With the prospect of no central grant to local government by 2020, that Barnet Graph of Doom may be a lot more than scare mongering. Are we really prepared to accept institutions that, since their birth at the end of the 19th century, have provided generations of our citizens with such things as clean water, sewerage, social housing, education, electricity, gas (I could go on) going to the wall?

  • James Baillie 10th Jan '18 - 12:57pm

    Everyone: thanks for the additional comments. I think the difficulty with this sort of policy is persuading ourselves that it deserves time and leaflet space at a local level – where the instinct is always to play to the percieved audience, but where right now we probably need to catch folks’ eyes and stand out more than we once did. Does anyone have any more thoughts on that side of this?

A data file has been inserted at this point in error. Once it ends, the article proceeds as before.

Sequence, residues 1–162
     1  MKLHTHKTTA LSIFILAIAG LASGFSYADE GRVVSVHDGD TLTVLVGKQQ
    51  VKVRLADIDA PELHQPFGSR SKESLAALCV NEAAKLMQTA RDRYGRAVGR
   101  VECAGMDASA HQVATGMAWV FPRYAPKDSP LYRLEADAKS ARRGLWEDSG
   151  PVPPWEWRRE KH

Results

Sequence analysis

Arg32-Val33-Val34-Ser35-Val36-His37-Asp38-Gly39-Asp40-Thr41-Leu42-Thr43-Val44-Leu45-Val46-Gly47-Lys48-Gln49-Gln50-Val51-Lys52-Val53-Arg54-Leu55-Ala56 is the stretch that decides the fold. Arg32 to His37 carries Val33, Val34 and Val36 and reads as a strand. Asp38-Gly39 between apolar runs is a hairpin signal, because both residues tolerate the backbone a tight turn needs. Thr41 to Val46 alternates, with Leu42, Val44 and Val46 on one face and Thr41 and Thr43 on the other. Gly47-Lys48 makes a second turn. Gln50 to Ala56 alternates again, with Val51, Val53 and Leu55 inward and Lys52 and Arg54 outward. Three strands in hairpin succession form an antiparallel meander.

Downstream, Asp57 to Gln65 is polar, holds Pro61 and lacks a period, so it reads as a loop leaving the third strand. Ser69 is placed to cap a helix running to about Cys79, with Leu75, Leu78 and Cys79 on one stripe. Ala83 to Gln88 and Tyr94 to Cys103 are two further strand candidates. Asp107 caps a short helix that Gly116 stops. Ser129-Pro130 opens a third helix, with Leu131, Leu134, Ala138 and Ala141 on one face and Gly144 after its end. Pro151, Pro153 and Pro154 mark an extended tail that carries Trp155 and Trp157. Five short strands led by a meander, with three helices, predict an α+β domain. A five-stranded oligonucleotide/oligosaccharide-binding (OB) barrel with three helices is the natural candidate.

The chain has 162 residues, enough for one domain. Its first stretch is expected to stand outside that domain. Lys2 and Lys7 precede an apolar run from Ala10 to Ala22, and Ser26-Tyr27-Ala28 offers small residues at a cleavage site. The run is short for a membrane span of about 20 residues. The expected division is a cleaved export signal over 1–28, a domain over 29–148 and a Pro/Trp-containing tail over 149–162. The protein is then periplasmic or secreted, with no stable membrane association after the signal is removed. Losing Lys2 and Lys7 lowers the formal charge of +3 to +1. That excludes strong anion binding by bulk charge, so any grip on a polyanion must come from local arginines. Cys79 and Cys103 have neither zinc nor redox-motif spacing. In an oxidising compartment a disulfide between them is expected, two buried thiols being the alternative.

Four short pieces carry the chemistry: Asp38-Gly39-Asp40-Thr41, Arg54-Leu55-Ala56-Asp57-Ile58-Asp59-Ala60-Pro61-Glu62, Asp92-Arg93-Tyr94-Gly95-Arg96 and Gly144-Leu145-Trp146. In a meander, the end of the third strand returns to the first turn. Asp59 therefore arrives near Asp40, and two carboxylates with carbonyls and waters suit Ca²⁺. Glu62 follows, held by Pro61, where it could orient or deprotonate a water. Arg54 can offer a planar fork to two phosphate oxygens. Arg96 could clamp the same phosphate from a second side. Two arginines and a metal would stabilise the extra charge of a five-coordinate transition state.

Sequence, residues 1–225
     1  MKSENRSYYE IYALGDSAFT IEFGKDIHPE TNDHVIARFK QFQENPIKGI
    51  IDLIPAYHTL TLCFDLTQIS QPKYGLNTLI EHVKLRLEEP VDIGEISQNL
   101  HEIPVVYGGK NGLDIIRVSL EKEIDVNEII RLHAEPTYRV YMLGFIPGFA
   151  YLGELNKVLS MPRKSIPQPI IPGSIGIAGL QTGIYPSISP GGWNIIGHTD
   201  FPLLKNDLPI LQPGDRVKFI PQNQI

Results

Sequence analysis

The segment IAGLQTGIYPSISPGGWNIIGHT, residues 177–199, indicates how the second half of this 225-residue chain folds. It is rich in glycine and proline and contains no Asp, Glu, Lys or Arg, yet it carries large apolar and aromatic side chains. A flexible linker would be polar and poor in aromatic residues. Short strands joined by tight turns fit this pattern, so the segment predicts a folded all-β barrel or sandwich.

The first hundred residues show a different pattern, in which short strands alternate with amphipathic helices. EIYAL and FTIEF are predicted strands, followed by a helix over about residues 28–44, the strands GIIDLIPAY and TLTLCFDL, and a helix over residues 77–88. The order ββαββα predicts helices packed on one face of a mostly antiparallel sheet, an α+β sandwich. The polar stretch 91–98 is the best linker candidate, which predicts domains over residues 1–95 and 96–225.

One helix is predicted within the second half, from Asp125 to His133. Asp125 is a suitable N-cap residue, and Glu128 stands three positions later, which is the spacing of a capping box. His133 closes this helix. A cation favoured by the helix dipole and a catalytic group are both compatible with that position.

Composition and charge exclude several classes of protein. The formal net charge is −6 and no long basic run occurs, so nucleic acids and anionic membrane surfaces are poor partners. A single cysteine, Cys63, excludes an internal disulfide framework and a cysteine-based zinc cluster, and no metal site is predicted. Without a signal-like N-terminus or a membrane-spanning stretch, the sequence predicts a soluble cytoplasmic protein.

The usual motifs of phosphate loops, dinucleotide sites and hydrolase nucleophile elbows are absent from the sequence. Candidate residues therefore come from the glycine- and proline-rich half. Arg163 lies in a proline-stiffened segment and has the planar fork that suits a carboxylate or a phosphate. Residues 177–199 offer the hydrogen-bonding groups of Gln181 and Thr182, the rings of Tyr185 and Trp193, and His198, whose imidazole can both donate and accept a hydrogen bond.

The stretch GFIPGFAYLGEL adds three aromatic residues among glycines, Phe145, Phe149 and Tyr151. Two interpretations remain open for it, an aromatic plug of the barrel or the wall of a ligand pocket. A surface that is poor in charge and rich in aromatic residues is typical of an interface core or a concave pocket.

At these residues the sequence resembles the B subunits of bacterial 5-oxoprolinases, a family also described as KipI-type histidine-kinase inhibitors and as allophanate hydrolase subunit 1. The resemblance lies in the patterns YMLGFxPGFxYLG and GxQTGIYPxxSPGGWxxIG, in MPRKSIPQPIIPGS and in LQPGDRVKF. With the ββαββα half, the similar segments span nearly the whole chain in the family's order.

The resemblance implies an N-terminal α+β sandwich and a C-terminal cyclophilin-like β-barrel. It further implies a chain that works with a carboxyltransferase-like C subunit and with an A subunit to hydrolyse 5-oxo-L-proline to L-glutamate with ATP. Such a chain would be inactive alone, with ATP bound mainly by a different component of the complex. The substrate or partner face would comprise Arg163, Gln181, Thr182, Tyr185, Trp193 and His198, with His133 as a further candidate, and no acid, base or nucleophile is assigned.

• paul holmes 11th Jan '18 - 5:01pm

    Hi James,
    In response to your last questions for views: I think it depends what you see the purpose of running for election/being in a Political Party to be?

    If you want to ‘educate the public’, fight for your principles, act as a Pressure Group etc then running primarily on issues of principle such as Sanctuary Councils or Proportional Representation or being ‘The Party of In’ does that but will not win you elections under our FPTP voting system. Indeed even under a PR system the purist ‘Party of In’ campaign in 2014 didn’t save us from losing 13 out of 14 MEP’s.